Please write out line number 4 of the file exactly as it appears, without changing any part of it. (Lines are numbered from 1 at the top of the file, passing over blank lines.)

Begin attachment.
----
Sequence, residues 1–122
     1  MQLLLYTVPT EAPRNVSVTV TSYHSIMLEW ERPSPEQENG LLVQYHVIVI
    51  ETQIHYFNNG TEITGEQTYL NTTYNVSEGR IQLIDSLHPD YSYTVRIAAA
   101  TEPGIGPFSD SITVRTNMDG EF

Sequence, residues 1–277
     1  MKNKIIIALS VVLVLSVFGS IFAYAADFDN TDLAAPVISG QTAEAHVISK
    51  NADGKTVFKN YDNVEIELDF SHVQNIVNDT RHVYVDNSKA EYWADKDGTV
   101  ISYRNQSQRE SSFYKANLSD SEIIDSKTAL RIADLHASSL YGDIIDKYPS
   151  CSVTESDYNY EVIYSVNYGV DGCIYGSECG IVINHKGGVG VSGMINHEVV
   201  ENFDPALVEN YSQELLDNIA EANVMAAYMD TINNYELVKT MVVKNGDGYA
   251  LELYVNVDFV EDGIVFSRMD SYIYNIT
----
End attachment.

   101  TEPGIGPFSD SITVRTNMDG EF